Why leave everything, every last comfort, to venture into the dangerous unknown? It’s a good question. There are even a couple good answers. But I know that sometimes I act without fully thinking it through, without justification, simply because to do so is easier, more expedient.
We decided to climb Table Mountain, the epic backdrop to Cape Town’s city center. We didn’t think it through. The mountain’s summit is a massively wide mesa 1300 meters (about 4000 feet) above sea level. Our hike took us up 1000 meters in an hour under the afternoon sun. There was no shade. Every step had to be placed carefully. It was tiring.
Dehydrated at the summit, we went in search of water, but despite having great tap water, in South Africa free available water can be hard to find. I have seen only one drinking fountain and it was broken. By the time we were back half way down mountain the sun had set. Climbing down a mountain without a torch (flashlight) in the dark was slow going and naturally there no taxis to be found. So we walked some miles through Cape Town at night attempting to find our way home.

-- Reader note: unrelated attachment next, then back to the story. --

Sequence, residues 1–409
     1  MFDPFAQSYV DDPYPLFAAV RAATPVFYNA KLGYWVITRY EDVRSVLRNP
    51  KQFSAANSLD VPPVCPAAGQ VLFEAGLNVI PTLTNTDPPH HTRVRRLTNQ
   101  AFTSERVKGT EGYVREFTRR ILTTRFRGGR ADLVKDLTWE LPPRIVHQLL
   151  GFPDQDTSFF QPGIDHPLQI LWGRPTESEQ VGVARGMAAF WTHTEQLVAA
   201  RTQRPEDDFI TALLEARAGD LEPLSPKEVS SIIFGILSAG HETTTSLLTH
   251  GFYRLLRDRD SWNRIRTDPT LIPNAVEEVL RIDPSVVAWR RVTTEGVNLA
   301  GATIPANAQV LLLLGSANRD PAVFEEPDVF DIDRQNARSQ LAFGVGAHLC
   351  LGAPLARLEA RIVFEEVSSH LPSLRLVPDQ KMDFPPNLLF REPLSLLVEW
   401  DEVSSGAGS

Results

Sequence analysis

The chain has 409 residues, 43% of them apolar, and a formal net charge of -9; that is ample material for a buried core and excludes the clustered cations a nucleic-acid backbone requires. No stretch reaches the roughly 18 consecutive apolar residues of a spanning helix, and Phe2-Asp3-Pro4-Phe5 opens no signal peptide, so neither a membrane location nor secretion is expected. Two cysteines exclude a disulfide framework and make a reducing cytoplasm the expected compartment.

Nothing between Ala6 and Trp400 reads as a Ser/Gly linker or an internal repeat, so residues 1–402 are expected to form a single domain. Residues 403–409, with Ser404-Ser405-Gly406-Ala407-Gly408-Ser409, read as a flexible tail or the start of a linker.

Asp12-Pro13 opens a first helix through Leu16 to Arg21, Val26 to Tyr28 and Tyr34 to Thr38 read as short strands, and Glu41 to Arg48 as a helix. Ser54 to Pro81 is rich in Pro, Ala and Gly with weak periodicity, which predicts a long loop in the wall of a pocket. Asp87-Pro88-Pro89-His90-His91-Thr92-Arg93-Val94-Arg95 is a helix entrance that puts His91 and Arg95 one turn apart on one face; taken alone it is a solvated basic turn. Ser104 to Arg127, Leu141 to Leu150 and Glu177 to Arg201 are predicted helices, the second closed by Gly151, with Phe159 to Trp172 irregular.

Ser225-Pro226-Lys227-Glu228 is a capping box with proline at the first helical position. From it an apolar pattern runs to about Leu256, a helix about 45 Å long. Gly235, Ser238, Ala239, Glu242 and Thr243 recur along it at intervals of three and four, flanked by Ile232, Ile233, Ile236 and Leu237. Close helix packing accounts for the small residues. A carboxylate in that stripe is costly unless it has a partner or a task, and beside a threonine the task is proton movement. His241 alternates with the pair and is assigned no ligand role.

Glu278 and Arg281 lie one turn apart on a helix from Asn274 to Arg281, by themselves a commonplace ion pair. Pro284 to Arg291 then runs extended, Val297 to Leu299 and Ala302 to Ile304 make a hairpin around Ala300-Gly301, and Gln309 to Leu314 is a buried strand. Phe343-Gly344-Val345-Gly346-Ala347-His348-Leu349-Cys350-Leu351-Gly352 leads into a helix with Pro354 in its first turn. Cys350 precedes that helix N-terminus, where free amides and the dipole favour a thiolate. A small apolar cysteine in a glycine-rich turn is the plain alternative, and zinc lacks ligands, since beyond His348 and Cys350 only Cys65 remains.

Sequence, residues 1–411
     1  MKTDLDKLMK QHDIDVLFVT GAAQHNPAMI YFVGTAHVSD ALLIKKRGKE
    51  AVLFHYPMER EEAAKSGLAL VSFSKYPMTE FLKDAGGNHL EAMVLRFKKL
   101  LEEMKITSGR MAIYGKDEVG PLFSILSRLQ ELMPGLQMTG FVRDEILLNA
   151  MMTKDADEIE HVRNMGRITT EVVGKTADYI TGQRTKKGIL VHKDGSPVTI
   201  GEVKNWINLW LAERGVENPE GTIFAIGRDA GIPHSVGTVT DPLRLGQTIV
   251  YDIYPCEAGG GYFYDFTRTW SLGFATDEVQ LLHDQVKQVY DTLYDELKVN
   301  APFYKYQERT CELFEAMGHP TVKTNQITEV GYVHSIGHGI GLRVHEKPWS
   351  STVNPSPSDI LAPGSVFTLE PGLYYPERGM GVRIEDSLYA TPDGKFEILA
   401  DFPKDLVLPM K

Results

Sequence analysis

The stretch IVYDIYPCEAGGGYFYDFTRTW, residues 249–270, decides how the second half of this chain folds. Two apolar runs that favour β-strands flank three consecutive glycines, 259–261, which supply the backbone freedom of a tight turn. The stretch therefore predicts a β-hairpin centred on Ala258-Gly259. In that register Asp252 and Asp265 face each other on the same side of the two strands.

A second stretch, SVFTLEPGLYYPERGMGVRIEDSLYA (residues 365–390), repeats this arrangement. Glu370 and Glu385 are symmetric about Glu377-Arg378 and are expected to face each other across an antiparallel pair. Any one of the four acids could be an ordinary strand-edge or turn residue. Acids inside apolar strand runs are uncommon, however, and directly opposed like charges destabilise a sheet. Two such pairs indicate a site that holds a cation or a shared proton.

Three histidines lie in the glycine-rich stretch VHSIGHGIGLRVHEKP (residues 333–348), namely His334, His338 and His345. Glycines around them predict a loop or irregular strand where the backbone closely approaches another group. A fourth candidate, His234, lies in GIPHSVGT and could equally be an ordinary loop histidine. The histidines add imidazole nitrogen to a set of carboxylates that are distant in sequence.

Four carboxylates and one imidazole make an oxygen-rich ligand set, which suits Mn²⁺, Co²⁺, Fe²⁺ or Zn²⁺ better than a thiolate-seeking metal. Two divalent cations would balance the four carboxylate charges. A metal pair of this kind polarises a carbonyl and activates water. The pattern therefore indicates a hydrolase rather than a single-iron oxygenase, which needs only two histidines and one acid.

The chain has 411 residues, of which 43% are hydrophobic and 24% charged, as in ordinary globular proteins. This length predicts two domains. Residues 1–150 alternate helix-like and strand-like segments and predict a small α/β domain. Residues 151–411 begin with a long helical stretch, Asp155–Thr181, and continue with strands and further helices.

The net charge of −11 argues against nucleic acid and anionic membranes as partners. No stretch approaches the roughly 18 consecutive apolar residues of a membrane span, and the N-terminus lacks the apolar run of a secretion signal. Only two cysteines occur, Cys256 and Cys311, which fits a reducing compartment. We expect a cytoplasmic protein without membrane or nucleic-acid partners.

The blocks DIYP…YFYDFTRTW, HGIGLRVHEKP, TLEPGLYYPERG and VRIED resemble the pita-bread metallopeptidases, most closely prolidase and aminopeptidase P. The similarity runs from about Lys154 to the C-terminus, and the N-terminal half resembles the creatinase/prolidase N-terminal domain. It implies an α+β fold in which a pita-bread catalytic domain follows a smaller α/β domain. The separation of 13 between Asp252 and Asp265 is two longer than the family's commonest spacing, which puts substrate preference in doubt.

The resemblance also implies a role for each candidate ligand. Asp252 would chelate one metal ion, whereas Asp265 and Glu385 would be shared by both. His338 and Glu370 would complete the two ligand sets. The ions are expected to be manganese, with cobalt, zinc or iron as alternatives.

Why did we do that?
When you tell someone you’re going to bicycle through Africa, it’s funny. The reaction is rarely complacent. It’s either that’s awesome or oh my god you’re going to die. And yet bicycling through Africa isn’t crazy, I don’t think. It’s been done, many times. Sometimes you get a different reaction.
Take the first night in Cape Town, drinks at a bar that is more like a house, two stories, haphazard decorating, and a bed. The patrons are high, eyes blazed red. The conversation is of Miles Davis, JFK and the nature of truth, I kid you not. They’re not surprised to hear of our trip. White people do some crazy sh*t. They climb Everest, bike around Africa, but do they go out to the township?
People are funny. The endeavors we choose to tackle. I’m still trying to figure out why I’m here. But maybe that’s why I’m here? To figure out why I’m here?